Heard a colleague mumble in the safely distanced elevator the other day, “Covid-shmovid, Delta-shmelta, Omicron-shmomicron…blah, blah, blah, I don’t care,” while reading the latest news about the rising number of cases. I couldn’t agree more. So, I shall refrain from repeating a gloomy narrative. Instead, let’s remind ourselves that the dawn of a new year has also brought about a (subtle?) positive change in the way we want to move forward. Cautious but hopeful. Careful but proactive. Vigilant but rejuvenated (maybe not fully but there’s excitement in the air).
We want to work, play and live. We want be productive and we want to make a meaningful impact in 2022 and beyond. And we will.
In January, I signed up for the Duke-NUS Champathon, a virtual 100km walk & run event organised by our Development team to help fundraise for our Student Financial Aid Fund, supporting meritorious and needy students as they prepare to become clinician leaders of tomorrow. The milestones of 5km, 10km, 20km, 50km and 100km seemed exciting and also promise to help get rid of those extra pounds from all the festive goodies. While registration for the event is now closed, you can still support our students by making a gift here. Thank you in advance for your generosity.
Good vibes continued as Duke-NUS’ research on ageing made it into Futurity’s top 10 posts of 2021. Amazing feat, considering that our research was among the latest discoveries by scientists from the 50 top research universities in the world. Our post was the fifth most popular post from 1,750 stories posted in 2021. Futurity attracted 6.45 million visitors and 17.25 million page views. Thank you, Futurity (and all 360,167 readers who made our story the fifth most read post)!
The theme of this issue, regeneration, aligns well with being positive, too. The incredible ability for regeneration by a tiny freshwater creature–the hydra–has long fascinated scientists and experts tackling some of the most pressing human health problems, and that brings us into the lead story about regenerative medicine, a key area of focus for us at the School. Delve into this enthralling topic as our experts share their work and insights on replacing or restoring damaged or missing cells, tissues, organs, and even entire body parts.
In our “Profile”, you will read about Lena Ho’s relentless passion to pursue lab research that started from a remote part of the genome. Thought to be junk RNA devoid of any function, her work resulted in a breakthrough discovery—that far from being junk, the string of RNA was the source for a small peptide—a tiny signalling molecule—essential to the development of the heart and other cardiovascular tissues, and important during pregnancy.
I would be remiss if there is no mention of my favourite column in MEDICUS: “In Conversation With”. In it, we talk to Pat Casey and Lim Soon Thye to find out how our world-class SingHealth Duke-NUS Academic Medical Centre continues to plant the seeds for new ideas about how we collaborate to conduct research, innovate and prepare the next generation of medical leaders. Mentoring is instrumental in rethinking knowledge and showing the way forward to the next generation, and no one does it as well as our clinical faculty from SingHealth.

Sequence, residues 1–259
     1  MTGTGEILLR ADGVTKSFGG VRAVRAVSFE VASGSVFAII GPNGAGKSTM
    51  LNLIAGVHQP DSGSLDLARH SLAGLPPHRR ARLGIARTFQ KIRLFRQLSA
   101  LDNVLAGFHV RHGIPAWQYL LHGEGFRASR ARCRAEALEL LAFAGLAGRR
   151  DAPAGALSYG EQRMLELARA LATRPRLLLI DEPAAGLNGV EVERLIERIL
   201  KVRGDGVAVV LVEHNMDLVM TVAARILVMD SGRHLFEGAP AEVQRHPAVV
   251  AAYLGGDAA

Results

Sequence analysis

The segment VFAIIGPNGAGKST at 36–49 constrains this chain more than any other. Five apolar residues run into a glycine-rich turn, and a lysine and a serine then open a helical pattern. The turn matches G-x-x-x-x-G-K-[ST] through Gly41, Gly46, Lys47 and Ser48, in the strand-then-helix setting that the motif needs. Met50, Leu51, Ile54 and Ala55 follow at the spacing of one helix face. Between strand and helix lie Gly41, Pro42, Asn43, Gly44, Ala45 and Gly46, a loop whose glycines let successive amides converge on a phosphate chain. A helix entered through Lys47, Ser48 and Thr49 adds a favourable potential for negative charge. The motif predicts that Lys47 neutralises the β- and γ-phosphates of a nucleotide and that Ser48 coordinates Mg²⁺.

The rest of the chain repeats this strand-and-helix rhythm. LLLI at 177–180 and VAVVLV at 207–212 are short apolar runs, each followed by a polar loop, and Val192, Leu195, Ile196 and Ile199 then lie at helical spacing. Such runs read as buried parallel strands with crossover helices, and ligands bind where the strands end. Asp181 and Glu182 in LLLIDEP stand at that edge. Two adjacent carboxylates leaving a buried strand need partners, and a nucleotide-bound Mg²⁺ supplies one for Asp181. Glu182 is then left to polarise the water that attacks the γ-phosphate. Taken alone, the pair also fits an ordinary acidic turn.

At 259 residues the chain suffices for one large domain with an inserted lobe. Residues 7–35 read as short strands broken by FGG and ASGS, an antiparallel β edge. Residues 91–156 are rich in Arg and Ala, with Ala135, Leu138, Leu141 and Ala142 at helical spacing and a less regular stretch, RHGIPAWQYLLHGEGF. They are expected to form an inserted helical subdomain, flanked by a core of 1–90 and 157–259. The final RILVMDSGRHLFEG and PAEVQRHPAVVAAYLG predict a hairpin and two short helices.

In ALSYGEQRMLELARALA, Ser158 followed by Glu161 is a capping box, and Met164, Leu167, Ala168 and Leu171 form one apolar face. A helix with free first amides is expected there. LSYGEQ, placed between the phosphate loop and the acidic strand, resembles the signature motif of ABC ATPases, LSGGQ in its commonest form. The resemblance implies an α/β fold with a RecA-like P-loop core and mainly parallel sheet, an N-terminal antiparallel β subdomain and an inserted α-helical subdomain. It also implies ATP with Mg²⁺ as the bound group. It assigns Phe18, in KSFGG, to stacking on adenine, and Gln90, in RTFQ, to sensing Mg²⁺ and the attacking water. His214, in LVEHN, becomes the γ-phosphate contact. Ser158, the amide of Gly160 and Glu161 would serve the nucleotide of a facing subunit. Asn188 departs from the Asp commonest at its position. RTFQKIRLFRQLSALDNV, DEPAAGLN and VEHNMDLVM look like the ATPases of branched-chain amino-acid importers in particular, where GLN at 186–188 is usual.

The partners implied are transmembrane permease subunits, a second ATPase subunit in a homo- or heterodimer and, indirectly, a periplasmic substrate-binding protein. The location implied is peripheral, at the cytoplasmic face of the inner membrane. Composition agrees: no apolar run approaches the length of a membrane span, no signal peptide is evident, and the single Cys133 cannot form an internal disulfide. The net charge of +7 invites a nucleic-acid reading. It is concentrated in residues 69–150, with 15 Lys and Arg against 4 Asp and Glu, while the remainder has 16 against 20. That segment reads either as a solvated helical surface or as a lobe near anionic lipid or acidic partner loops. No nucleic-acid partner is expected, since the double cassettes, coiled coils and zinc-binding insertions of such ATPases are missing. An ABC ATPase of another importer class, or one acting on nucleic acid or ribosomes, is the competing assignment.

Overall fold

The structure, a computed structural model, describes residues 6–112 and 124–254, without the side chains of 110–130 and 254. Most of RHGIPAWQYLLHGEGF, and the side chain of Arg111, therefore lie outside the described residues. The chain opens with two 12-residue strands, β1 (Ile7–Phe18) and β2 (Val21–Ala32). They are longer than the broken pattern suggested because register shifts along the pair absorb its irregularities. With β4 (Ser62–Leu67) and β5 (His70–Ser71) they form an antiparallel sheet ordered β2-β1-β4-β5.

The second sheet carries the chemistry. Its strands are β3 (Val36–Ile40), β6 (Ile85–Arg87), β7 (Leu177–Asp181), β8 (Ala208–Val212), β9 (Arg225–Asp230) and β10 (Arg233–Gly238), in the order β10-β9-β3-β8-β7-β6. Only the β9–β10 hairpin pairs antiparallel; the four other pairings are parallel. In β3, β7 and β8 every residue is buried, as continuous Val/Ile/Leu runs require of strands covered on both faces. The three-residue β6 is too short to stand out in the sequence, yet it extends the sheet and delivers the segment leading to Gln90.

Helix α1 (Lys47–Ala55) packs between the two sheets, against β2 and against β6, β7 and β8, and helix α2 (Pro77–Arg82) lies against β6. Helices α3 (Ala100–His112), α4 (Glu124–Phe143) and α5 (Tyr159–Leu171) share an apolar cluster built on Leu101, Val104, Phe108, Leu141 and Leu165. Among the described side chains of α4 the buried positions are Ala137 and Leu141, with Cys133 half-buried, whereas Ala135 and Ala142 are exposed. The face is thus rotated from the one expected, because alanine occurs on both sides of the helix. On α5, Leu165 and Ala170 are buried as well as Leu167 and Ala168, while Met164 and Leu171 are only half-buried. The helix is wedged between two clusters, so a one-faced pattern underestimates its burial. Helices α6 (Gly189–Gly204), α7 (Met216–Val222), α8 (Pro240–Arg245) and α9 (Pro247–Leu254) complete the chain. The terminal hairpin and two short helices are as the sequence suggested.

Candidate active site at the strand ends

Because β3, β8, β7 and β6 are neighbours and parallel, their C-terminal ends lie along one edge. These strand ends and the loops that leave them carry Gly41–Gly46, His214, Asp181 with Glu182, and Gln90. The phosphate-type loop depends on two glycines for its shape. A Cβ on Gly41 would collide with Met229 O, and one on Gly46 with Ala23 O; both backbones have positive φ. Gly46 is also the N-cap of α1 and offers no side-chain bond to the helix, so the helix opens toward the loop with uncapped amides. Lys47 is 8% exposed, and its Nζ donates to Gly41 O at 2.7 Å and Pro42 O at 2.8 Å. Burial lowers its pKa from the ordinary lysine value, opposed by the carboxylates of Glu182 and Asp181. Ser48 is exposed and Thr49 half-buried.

Finally, the cycle of beginnings and endings often denotes regeneration as well. And while the subject of palliative care remains taboo at least in Asian living rooms, it’s an increasingly crucial conversation for families to have. An important study led by Eric Finkelstein and others ranked countries and regions based on their overall score to questions on how well their health systems provided for the physical and mental wellbeing of patients at the end of life. The United Kingdom earned the highest ranking, followed by Ireland, Taiwan, Australia, South Korea and Costa Rica, which all earned A grades. Singapore, our home, received a B, ranking 23rd among the countries surveyed, while the United States earned a C, coming in 43rd spot.
That’s just some of the interesting content in this issue. There is plenty more to read including the latest on our research, our people and, of course, your burning questions answered by our scientists and experts in our “Ask MEDICUS” column.
I hope you will enjoy reading our stories in this issue of MEDICUS. Thanks for your invaluable feedback. We continually strive to improve our content but more than anything else, we want to continue to bring interesting stories to you.
Looking forward to transforming medicine and improving lives with you for the world.
About the masthead
This issue’s masthead is a close-up of cells in the eye. Research led by Assistant Professor Tay Hwee Goon from the Cardiovascular and Metabolic Disorders Programme has shown in preclinical models that when photoreceptor progenitor cells (stained green in the image), which have been derived from stem cells using the protein laminin, are transplanted into a damaged retina, they can prevent further deterioration and even improve visual function. Read more about why scientists at Duke-NUS are turning to this super-powered protein for help.
Photo credit: Tay Hwee Goon
Writers and contributors
Christopher Laing, Duke-NUS
Foo Suan Jong, Duke-NUS
Jenne Foo, Duke-NUS
Jenny Ang Thar Bin, SingHealth
Michael Schoenfeld, Duke University
Ovidia Lim-Rajaram, National University of Singapore
Patrick Casey, Duke-NUS
Reza Shah Bin Mohd Anwar, Duke-NUS
Sandy Cook, Duke-NUS